Boeing had a net loss of 87 aircraft in 2019 after two crashes left hundreds of people dead. File Photo by David Silpa/UPI | License Photo
Jan. 14 (UPI) -- Boeing reported Tuesday it had more cancellations than new plane orders for 2019, a year that saw the worldwide grounding of its 737 Max aircraft after two crashes killed hundreds of people.
The plane manufacturer said it had a net loss of 87 commercial planes after factoring in the likely loss of business with India's Jet Airways, which went bankrupt last year. Overall, the company had 246 new orders, not enough to offset the loss of business.
Aviation authorities worldwide grounded the Boeing 737 Max 8 and Max 9 in spring 2019 after a Lion Air crash in October 2018 and an Ethiopian Airlines crash in March killed a collective 346 people.
Investigators blamed a fault in the model's maneuvering characteristics augmentation system, which caused the planes to nosedive.
Since the groundings, there's been little demand for the 737, which saw a 90 percent drop in new orders in 2019. There also was a 53 percent drop in deliveries, from 806 in 2018 to 380 in 2019.
Rival Airbus, meanwhile, had 654 new orders for its A320 aircraft, a competitor of the 737 Max.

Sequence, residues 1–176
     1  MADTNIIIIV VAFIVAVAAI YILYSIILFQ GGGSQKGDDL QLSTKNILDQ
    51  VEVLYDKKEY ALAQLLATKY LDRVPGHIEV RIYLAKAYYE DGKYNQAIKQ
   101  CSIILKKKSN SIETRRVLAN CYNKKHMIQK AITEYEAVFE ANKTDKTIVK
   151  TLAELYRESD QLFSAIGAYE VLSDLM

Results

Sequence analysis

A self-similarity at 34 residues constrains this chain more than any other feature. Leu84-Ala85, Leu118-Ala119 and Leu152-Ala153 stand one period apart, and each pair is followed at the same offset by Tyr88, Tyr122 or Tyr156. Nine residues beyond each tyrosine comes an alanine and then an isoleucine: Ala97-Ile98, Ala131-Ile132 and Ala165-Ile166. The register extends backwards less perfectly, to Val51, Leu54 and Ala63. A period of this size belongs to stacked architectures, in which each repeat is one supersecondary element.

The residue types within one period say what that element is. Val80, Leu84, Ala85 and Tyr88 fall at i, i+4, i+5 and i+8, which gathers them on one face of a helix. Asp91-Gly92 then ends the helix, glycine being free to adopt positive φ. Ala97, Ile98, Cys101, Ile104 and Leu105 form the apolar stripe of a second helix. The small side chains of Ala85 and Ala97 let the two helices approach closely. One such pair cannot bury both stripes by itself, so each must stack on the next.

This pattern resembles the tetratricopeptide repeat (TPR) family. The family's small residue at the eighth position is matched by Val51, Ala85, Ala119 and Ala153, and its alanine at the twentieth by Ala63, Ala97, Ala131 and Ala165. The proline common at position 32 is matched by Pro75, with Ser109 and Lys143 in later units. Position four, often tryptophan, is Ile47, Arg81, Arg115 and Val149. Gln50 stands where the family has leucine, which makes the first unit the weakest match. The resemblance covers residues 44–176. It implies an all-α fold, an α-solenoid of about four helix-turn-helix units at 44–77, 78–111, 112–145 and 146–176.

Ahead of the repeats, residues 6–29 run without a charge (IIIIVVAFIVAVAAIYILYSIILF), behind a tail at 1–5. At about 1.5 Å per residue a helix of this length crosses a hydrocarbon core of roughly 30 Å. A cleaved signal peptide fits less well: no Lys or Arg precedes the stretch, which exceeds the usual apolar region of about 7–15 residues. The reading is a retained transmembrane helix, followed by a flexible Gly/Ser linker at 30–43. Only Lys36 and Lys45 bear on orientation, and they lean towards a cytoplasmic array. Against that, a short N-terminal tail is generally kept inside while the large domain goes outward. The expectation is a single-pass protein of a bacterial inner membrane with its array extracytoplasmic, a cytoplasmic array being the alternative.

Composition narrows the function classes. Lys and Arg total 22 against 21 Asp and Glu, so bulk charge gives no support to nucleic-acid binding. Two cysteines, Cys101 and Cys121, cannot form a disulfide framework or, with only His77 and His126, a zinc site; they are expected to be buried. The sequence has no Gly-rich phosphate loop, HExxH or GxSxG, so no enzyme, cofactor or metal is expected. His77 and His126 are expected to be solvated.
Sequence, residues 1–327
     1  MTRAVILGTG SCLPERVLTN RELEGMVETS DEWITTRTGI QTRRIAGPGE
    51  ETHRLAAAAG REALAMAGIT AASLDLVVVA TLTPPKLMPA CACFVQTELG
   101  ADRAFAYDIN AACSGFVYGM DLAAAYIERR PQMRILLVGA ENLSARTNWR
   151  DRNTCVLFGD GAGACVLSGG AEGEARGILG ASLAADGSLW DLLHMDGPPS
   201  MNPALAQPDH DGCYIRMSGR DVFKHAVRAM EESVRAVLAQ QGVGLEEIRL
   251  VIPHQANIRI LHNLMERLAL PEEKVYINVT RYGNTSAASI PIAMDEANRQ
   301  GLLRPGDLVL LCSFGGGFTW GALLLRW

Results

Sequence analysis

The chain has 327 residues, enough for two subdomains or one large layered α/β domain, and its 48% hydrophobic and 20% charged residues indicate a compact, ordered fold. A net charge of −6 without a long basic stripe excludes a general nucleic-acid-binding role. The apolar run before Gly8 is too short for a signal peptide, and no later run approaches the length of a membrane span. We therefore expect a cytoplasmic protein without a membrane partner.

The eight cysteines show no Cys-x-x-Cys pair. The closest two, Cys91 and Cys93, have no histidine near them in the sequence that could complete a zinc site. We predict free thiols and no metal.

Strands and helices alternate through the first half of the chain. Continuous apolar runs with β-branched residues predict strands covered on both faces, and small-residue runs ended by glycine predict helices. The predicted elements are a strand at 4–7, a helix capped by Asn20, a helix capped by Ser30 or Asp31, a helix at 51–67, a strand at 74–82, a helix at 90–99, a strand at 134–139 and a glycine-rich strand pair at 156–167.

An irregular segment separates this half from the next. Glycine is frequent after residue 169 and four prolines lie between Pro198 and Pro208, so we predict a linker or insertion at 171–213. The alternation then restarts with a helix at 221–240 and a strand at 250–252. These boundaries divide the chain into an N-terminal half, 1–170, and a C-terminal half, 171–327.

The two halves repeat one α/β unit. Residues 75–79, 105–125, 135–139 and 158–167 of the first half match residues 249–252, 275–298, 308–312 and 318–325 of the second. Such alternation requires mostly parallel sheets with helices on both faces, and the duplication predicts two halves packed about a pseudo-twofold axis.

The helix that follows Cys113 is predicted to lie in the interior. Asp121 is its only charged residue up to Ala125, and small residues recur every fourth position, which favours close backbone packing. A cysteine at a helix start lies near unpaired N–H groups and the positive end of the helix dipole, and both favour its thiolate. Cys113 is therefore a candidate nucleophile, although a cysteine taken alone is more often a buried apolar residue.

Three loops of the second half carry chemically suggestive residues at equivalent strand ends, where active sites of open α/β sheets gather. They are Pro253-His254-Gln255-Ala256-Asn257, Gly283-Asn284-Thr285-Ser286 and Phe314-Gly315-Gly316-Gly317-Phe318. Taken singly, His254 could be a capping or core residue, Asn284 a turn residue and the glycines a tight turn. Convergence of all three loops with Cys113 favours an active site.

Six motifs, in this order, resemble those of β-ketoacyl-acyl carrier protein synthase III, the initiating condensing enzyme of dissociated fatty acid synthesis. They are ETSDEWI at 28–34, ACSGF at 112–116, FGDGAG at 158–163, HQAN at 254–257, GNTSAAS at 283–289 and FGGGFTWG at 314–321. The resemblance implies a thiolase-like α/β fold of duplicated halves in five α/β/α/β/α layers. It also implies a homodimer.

Boeing CEO Dave Calhoun sent an email to employees Monday pushing the return of the Max to service. The company is awaiting certification and training to put the planes back in the air.
"We'll get it done, and we'll get it done right," he wrote.
Last week, Boeing sent Congress more than 100 pages of internal communications exposing communications between employees boasting about manipulating American and international safety regulators.
Boeing said it has proactively brought these messages, and additional documents, to the FAA's attention to prove its commitment to transparency and to Senate and House committees in recognition of their oversight functions, admitting that they will raise questions over the development and qualification of its Max simulators and the company's interactions with the federal aviation regulator.